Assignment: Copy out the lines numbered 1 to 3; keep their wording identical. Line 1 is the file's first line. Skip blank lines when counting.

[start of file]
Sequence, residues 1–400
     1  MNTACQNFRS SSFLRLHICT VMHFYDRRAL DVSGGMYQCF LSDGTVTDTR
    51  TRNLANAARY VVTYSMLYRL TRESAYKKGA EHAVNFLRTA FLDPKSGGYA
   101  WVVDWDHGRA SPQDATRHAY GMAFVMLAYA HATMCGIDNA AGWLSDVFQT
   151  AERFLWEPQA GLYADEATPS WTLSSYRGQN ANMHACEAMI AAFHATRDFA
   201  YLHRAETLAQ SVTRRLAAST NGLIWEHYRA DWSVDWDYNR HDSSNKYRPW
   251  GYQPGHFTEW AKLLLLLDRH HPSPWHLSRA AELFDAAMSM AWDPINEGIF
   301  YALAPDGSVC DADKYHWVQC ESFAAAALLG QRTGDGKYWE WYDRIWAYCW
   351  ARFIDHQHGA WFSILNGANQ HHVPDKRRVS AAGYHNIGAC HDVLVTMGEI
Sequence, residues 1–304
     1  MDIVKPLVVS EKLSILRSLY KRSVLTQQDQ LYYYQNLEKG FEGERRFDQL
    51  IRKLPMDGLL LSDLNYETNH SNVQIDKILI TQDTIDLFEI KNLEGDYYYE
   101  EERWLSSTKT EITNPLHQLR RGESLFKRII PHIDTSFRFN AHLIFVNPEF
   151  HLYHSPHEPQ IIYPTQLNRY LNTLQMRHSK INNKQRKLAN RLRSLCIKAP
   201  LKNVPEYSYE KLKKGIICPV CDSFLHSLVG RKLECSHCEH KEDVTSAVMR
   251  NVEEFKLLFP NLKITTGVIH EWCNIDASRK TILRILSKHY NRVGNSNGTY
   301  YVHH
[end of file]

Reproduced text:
Sequence, residues 1–400
     1  MNTACQNFRS SSFLRLHICT VMHFYDRRAL DVSGGMYQCF LSDGTVTDTR
    51  TRNLANAARY VVTYSMLYRL TRESAYKKGA EHAVNFLRTA FLDPKSGGYA